But the decision to bar elected deputies from their seats seems to have been a bridge too far for some of Maduro’s Latin American allies.
Mexico’s Foreign Minister Marcelo Ebrard joined the chorus of condemnation over this week’s attempted closure of Venezuela’s elected assembly, saying “the legitimate functioning of the legislative branch is an inviolable pillar of democracies.”
Argentina’s Foreign Minister Felipe Sola condemned the closure of the National Assembly as “exactly the opposite” of what the Maduro government should be doing.
“To use force to prevent the functioning of the National Assembly is to condemn oneself to international isolation. We reject this,” wrote Sola.
Diosdado Cabello, a leading figure of the Maduro government and host of a nightly program on Venezuelan state television, denounced the former allies in harsh terms.
“If the ambassador of Argentina or Mexico said some ‘Guai-idiocy’, we’re still here and we don’t need Argentina or its foreign minister. They’ll see where they end up in history. Whether they choose to defend the people, or if they choose to be on the side of those who live slavishly following imperialism,” said Cabello.
Meanwhile U.S. Special Envoy for Venezuela Elliott Abrams appeared to exult in the new divisions among governments that had previously supported Maduro. “Maduro must be asking himself today, ‘Do I have any allies left?’ (Argentina and Mexico) are not going to support those kinds of measures. They’re going to denounce those kinds of measures.
“He is left with Cuba, Russia, China, and a few odd dictatorships around the world, but he is losing the support not only on the right, not only in the centre, but on the left in Latin America.”
If the Maduro government’s new allies proved disappointing, the regime also lost some of its strongest old allies. President Evo Morales of Bolivia — perhaps the closest Maduro ally after the Cuban Communist Party — fled his country in November following violent protests alleging electoral fraud.
But if this month’s events seemed to turn in Guaido’s favour, it doesn’t change the fact that Maduro remains in control not only of Miraflores, the presidential palace, but also of the country’s armed forces and national police.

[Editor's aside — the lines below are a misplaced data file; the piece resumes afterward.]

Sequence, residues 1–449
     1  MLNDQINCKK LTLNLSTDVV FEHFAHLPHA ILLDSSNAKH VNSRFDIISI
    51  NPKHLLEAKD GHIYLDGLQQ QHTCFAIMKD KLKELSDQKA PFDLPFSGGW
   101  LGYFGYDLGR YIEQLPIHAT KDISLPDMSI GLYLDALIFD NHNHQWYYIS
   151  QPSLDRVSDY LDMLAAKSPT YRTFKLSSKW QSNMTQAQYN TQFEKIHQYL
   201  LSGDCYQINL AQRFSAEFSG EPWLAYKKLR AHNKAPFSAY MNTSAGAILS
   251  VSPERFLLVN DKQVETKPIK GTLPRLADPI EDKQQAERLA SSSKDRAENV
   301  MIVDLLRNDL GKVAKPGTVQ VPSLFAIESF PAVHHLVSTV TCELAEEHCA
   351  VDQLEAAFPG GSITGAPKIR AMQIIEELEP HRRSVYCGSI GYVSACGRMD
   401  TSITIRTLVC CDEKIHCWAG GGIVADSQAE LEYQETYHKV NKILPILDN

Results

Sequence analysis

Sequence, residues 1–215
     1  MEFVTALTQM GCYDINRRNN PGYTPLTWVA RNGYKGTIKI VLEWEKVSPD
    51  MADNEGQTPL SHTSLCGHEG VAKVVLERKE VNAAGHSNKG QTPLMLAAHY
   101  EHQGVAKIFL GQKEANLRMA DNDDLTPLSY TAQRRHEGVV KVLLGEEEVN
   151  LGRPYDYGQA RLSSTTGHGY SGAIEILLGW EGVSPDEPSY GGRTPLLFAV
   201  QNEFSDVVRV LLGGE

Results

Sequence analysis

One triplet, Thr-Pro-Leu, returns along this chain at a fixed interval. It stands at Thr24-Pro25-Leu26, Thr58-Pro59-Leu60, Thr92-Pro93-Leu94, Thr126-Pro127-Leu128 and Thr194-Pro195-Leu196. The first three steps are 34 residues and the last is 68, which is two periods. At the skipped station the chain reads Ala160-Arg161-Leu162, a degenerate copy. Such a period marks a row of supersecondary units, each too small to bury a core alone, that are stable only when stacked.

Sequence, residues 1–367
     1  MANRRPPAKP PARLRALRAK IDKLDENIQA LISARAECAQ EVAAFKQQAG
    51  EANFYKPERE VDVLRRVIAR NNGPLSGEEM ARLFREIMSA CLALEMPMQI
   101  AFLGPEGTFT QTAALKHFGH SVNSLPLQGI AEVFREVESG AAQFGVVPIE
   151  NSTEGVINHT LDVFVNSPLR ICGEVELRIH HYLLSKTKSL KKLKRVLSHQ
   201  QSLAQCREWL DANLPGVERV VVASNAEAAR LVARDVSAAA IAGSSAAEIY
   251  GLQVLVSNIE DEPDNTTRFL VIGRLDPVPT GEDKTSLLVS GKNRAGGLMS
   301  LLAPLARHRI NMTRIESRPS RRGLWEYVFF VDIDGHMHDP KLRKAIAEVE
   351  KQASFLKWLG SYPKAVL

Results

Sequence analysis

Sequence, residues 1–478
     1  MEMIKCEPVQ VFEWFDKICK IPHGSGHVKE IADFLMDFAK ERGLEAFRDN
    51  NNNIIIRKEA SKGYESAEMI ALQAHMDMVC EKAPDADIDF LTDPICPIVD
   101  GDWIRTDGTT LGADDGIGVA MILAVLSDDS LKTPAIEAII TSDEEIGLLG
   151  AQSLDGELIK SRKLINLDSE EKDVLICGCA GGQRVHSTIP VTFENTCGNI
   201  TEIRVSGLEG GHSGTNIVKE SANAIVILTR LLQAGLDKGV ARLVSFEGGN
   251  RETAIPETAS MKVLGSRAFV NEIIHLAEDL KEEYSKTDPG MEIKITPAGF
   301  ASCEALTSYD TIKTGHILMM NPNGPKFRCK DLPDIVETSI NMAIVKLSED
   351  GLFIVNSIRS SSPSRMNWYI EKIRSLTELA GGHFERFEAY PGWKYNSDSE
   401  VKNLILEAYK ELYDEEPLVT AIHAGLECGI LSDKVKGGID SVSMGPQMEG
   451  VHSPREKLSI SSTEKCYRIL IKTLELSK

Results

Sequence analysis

People have continued to flee Venezuela at a rate of about 3,000 to 5,000 per day, said William Spindler of the UN High Commissioner for Refugees office in Panama.
“The latest figures we have are for December 5,” he told CBC News, adding that the number of 4,769,000 Venezuelan refugees is almost certainly an underestimate “because it counts only those who have registered with governments.”
Canada has also received several thousand Venezuelan asylum claims.
Despite the humanitarian crisis, the opposition has been hurt by corruption scandals. About 10 members of the opposition bloc in the assembly, once 110 members strong, have switched sides to support the government.
Deputies have not been paid in almost four years, and some say they have received offers of payments between $750,000 and $1 million US from deputies loyal to the Maduro government if they agree to “jump the gate” as Venezuelans refer to changing sides in the country’s polarized political conflict.
Many current and former opposition deputies are in exile, in prison, in hiding, or have sought refuge in foreign embassies to avoid arrest.
Luis Parra was expelled from Guaido’s party after he was implicated by Venezuelan investigative news site Armandoinfo.com for a campaign to help regime-affiliated businessmen escape sanctions for their role in profiteering from Venezuela’s hunger crisis.
Congressmen who wrote letters on behalf of those businessmen are known in Venezuela as the “CLAP deputies.” (Venezuela’s food rationing program is known by its Spanish acronym CLAP, and the monthly rations that millions of Venezuelans depend on are called “CLAP boxes.”)
Guaido and other opposition leaders moved swiftly to expel the CLAP deputies, but the scandal nonetheless disillusioned Venezuelans weary of the venality of their political class.
The failure to deliver on the high hopes of change he sparked last year has also chipped away at Guaido’s approval rate, which fell from over 60 per cent in Spring to about 40 per cent by the end of 2019, according to respected Caracas polling agency Datanalisis. (Maduro’s approval is lower — about 14 per cent according to the same pollster.)
But there are signs a renewed effort could be underway.
Just before Christmas, the U.S. Senate passed the VERDAD Act (Venezuela Emergency Relief, Democracy Assistance, and Development Act of 2019), which assigns $400 million US to the Venezuelan opposition and to humanitarian assistance to Venezuelans both inside and outside the country.